Missouri Takes Another Step Toward Leaving Big 12
KANSAS CITY, Mo. (AP) — Missouri has taken another step toward leaving the Big 12 Conference and there is interest in the SEC in taking the Tigers.
The governing curators at Missouri unanimously gave Chancellor Brady Deaton the authority Friday to move the school out of the Big 12 if he decides that is in the school’s best interest. Deaton, who had earlier been given the OK to explore options, gave no timeline for a decision but indicated that a move, if it happens, would not take much longer.
“We’re not looking at a long time frame,” Deaton said, adding that any move would anticipate playing in another conference beginning next season — not in 2013 or farther out.
While Deaton avoided saying that he favors leaving the Big 12 or identifying the SEC as a potential landing spot, it was clear that the SEC is the target.
“We’ve provided information to the SEC,” Deaton said at a news conference following a two-day curators’ meeting, accompanied by athletic director Mike Alden and other school officials.
“Missouri has not applied, nor has an invitation been extended,” SEC spokesman Charles Bloom said.
However, SEC school presidents have informally discussed Missouri, and there’s “certainly talk and interest” in adding the school, according to a person familiar with the situation. The person spoke to The Associated Press on condition of anonymity because the SEC has not publicly talked about the discussions.
There has been no formal vote by the presidents and one was not immediately scheduled, the person said. Deaton said discussions about realignment are ongoing and a “decision will be undertaken expeditiously.”
Chuck Neinas, the Big 12 interim commissioner, noted that its board of directors has a regularly scheduled meeting in Irving, Texas, on Monday and “conference membership will be thoroughly discussed at that time.”
“We look forward to discussing Missouri’s future with the Big 12 Conference,” he said in a statement. He declined to comment further when reached by telephone.
The league already has lost Nebraska (Big Ten) and Colorado (Pac-12) and will lose Texas A&M to the SEC next year when TCU joins. Losing Missouri would leave the league with nine teams, while the SEC will have 13 once the Aggies join.
Deaton said the conference’s stability has been a significant concern with the departures of the three schools.
“Those actions, I think, in a sense, speak for themselves,” he said. “They’re part of the environment that we’re recognizing and evaluating as we go forward.”
But a big concern for Missouri is broadcast and cable television dollars, and in exploring a move to the SEC, the university is hoping to boost its revenue. An internal university document obtained recently by The Associated Press showed Missouri hopes to gain as much as $12 million annually in additional revenue in the SEC if other factors fall into place. The school could also face a hefty exit fee from the Big 12.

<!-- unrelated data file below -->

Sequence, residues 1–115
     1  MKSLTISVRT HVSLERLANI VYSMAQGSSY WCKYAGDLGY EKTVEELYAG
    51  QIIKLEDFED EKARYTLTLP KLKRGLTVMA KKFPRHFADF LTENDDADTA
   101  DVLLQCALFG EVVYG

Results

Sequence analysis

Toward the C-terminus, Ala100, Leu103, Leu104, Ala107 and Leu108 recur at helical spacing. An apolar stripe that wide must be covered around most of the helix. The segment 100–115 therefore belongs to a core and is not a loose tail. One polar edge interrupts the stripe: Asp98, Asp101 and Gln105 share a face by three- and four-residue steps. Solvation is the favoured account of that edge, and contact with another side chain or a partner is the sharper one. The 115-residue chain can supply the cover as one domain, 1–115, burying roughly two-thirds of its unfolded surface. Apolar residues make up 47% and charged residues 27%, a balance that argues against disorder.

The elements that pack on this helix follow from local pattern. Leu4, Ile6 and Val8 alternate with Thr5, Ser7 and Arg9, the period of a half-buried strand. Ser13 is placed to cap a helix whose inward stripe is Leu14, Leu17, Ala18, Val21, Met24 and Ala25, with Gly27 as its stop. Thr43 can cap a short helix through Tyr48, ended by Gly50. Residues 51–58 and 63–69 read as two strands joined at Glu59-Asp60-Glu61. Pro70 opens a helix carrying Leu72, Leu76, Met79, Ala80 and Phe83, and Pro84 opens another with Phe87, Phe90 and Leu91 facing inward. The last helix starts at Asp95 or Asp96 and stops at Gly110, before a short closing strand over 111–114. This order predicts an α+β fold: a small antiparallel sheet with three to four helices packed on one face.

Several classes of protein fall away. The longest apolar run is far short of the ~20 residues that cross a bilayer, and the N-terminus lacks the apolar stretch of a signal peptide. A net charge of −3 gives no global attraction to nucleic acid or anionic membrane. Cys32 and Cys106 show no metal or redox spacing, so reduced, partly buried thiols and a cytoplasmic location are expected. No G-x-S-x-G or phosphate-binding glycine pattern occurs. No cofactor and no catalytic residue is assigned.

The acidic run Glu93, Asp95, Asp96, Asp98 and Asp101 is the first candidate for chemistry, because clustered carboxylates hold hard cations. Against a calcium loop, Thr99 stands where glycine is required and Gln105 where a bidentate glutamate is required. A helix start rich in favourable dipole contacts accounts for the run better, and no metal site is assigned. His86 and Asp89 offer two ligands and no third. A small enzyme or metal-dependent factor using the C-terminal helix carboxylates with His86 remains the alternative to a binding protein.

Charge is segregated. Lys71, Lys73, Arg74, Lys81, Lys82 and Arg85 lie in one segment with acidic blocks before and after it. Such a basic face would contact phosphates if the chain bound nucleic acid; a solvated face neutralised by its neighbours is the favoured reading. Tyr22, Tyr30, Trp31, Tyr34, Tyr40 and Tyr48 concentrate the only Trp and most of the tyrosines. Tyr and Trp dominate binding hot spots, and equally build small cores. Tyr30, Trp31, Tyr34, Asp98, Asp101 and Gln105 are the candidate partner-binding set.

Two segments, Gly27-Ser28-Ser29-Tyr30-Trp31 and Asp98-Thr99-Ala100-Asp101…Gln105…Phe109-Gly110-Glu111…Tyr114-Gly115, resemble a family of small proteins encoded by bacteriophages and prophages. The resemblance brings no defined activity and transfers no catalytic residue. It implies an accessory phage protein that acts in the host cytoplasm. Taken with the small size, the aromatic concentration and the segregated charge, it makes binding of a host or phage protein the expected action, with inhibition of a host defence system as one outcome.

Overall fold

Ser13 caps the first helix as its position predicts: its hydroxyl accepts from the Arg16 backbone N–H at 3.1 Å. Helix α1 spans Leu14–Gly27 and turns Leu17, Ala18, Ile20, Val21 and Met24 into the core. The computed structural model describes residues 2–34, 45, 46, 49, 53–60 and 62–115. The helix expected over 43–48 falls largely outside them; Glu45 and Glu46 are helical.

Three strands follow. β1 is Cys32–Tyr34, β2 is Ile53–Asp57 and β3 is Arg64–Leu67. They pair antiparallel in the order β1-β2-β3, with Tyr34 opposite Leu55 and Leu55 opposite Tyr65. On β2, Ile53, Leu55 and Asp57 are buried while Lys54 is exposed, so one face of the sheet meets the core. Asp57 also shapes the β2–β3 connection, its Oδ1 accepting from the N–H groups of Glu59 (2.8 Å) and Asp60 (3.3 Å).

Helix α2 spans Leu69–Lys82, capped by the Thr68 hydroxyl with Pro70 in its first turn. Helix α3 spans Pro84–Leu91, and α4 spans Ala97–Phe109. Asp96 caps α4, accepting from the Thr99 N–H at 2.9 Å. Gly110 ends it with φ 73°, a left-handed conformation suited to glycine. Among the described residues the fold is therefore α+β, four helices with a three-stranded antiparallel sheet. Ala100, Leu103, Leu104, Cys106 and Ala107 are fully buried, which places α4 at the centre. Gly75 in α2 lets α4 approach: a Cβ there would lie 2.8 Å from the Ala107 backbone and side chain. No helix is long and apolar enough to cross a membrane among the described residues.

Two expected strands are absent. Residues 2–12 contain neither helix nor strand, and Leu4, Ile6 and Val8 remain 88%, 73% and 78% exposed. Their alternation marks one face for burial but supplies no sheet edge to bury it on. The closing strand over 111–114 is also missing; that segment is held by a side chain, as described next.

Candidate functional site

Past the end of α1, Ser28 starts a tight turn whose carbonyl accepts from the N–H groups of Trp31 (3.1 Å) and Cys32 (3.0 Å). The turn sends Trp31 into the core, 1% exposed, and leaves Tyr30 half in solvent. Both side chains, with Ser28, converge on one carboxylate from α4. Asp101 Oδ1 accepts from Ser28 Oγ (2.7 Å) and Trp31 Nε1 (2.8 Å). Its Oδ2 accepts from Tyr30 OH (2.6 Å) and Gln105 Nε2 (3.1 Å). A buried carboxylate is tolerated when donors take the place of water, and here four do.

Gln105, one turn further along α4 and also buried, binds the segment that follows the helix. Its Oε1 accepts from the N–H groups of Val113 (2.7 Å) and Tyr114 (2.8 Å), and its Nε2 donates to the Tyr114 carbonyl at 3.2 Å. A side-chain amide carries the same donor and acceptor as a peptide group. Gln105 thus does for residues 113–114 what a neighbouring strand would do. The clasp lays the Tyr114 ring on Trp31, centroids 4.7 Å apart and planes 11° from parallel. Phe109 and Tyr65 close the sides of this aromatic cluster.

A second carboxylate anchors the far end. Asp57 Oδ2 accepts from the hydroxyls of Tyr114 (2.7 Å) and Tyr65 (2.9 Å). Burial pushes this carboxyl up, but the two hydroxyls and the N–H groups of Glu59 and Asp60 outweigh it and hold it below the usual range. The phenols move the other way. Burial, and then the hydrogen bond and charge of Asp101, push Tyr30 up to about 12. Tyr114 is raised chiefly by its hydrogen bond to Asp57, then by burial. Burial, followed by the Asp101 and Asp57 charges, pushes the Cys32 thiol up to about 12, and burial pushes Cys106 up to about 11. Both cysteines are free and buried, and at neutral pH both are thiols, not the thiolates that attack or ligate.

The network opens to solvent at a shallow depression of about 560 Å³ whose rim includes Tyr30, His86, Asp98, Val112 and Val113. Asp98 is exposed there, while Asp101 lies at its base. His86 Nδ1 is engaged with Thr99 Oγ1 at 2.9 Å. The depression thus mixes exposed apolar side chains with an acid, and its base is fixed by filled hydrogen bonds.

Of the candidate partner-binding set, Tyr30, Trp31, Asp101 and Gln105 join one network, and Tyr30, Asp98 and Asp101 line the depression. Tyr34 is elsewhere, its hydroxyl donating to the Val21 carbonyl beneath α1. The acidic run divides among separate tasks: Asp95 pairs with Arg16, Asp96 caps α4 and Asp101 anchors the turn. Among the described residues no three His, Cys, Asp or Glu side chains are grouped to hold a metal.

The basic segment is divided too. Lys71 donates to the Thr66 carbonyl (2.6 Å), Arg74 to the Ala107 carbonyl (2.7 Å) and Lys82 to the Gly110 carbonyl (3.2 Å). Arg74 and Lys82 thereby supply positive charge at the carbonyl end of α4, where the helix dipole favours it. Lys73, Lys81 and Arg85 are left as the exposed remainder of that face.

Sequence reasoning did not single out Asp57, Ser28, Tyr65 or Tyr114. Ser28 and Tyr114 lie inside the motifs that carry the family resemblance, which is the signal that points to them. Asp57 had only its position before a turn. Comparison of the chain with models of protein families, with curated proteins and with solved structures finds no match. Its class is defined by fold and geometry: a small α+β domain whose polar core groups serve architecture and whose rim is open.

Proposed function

Earlier this month, the Big 12 endorsed a plan require schools to give up their most lucrative TV rights to the league for six years in return for equal sharing of the revenue.
The plan, if approved, would give each school an estimated $20 million in June. The figure is expected to grow by 2013 when the league’s new 13-year contract with Fox Sports kicks in and the Big 12’s television contract with ABC/ESPN expires in 2016 and could bring in additional money when renegotiated.
The SEC, by contrast, distributed $18.3 million in revenue to each of its 12 members this year. But that league can also expect more lucrative contracts when the next round of TV rights negotiations occur.
“This is a very complex transaction to consider,” said curators Chairman Warren Erdman. “We are taking our time to analyze all of the issues.”
Missouri also directed Deaton to try to set up a holiday basketball tournament and annual football game in Kansas City with an unidentified rival — Kansas would fit the bill — moves designed to answer critics who say departing the Big 12 will gut storied traditions that date back decades. Missouri and Kansas have played each other in football for 119 years.
The move also is designed to blunt concerns that the Big 12 won’t have a reason to continue holding its basketball championship tournament in Kansas City or schedule a Kansas-Missouri football game there if Missouri bolts the Big 12.
Ed McKechnie, chairman of the Kansas Board of Regents, which governs both the University of Kansas and Kansas State, said Missouri’s departure from the Big 12 would be “a massive blow” to the area. He said it would be difficult to keep the basketball tournament in Kansas City if Missouri left.
“The traditions surrounding the Big 12 tournament are a big deal,” McKechnie said. “I believe the Big 12 is the right place for KU and K-State.”
Just this week, Kansas basketball coaches Bill Self and Bonnie Henrickson both said they wouldn’t be inclined to play Missouri if the Tigers go elsewhere.
Kansas athletic director Sheahon Zenger called Kansas-Missouri a great rivalry but didn’t commit to any sort of plan for the future.
“The University of Kansas is a great Midwestern school, loyal to our Midwestern conference and to our Midwestern roots,” Zenger said. “The KU-Missouri rivalry belongs in the Big 12 Conference. Should Missouri decide to leave the Big 12, we would wish them well.”
Erdman insisted that if Missouri leaves the Big 12, the curators are “committed to doing what we can to preserve the rich tradition and heritage that is very important to us here.”
Missouri basketball guard Kim English said players don’t care about the university’s conference and that he’s not losing any sleep over the possibility of not playing Kansas every year.
“It has nothing to do with players in general,” English said. “I didn’t come here just because it was the Big 12.”
Copyright Associated Press